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NSF awards Oregon State team $2M to support work on diatom-based photosynthetic biorefineries
18 September 2012
The National Science Foundation (NSF) has awarded researchers at Oregon State University a $2-million grant to further the development of a diatom-based photosynthetic biorefinery.
Diatoms—ancient marine life forms—could theoretically make biofuel production from algae truly cost-effective because they could simultaneously produce other valuable products such as material for semiconductors, biomedical products and health foods.
This NSF program is intended to support long-range concepts for a sustainable future, but in fact we’re demonstrating much of the science behind these technologies right now. We have shown how diatoms can be used to produce semiconductor materials, chitin fibers for biomedical applications, or the lipids needed to make biofuels. We believe that we can produce all of these products in one facility at the same time and move easily from one product to the other.—Greg Rorrer, OSU professor and head of the School of Chemical, Biological and Environmental Engineering
Biofuels can be made from algae, scientists have shown, but the fuels are a comparatively low-value product and existing technologies have so far been held back by cost. If this program can help produce products with much higher value at the same time—such as glucosamine, a food product commonly sold as a health food supplement—then the entire process could make more economic sense.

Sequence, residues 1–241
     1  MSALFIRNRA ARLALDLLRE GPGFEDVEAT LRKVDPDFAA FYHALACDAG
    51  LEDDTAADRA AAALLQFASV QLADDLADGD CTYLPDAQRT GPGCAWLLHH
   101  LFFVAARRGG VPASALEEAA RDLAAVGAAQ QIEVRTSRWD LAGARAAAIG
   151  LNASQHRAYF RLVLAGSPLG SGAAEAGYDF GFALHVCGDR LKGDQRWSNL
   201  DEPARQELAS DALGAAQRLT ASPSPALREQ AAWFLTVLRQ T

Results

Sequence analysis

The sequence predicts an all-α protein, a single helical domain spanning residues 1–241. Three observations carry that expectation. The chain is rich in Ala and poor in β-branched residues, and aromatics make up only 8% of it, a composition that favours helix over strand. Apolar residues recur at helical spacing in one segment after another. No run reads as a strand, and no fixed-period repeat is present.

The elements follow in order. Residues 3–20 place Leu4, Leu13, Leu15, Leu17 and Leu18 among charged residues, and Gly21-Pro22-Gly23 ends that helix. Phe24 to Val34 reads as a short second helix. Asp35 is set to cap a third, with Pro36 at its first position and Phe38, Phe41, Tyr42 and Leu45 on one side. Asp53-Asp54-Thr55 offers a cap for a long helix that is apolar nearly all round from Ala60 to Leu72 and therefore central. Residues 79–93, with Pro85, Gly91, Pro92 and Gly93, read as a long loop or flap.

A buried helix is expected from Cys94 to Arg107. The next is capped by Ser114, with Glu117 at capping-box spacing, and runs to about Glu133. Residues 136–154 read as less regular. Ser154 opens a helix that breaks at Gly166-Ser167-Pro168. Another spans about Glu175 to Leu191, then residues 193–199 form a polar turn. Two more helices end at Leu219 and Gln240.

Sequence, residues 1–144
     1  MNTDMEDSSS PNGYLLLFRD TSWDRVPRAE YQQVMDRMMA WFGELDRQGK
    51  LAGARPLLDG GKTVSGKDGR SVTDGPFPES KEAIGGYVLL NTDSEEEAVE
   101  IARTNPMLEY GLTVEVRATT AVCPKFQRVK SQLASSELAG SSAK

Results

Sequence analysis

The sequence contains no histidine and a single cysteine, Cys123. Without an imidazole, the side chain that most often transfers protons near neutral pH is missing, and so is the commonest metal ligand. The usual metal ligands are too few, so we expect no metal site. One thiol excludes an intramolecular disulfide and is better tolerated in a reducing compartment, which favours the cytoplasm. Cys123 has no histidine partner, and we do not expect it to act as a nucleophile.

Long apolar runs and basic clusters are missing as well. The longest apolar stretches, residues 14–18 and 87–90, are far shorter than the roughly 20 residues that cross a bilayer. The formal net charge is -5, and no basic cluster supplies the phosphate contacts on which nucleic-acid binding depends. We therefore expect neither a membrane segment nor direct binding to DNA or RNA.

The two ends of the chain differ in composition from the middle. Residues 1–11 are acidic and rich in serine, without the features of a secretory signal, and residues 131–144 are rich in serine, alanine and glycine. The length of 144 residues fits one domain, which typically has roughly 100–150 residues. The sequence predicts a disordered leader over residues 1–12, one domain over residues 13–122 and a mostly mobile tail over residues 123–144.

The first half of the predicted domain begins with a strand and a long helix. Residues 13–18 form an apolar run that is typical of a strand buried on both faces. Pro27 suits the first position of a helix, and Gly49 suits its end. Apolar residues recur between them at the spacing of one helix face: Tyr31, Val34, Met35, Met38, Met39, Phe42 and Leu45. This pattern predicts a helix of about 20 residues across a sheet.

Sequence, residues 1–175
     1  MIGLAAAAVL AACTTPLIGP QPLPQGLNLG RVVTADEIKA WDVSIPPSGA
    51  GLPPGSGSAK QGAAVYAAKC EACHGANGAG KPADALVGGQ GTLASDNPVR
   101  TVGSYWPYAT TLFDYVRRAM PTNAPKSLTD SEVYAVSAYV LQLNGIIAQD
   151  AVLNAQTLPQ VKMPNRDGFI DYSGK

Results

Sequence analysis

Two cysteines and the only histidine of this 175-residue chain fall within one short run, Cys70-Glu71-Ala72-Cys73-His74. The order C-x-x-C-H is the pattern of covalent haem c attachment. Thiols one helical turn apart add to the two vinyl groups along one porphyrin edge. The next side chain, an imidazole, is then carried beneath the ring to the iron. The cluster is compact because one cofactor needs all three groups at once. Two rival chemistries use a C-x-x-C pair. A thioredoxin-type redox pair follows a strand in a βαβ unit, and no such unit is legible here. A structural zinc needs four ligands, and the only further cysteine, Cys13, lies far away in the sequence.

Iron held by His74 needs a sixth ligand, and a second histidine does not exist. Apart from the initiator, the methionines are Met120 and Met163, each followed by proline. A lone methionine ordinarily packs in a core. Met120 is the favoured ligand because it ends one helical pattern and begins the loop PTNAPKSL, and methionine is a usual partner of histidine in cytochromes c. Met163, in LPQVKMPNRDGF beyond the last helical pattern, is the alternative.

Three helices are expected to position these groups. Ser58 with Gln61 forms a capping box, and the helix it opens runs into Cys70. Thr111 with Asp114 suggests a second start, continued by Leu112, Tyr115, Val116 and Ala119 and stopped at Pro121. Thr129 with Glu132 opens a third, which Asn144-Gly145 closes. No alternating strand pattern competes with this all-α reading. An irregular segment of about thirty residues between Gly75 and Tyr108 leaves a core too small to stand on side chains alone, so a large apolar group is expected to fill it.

Much of the cost in this approach, in fact, is not the raw materials involved but the facilities needed for production. As part of the work at OSU, researchers plan to develop mathematical models so that various options can be tested and computers used to perfect the technology before actually building it.
The key to all of this is the diatom itself, a natural nanotechnology factory that has been found in the fossil record for more than 100 million years. Diatoms evolved sometime around the Jurassic Period when dinosaurs flourished. A major component of phytoplankton, diatoms have rigid microscopic shell walls made out of silica, and the capability to biosynthesize various compounds of commercial value.
Regular algae don’t make everything that diatoms can make. This is the only organism we know of that can create organized structures at the nano-level and naturally produce such high-value products. With the right components, they will make what you want them to make.—Greg Rorrer
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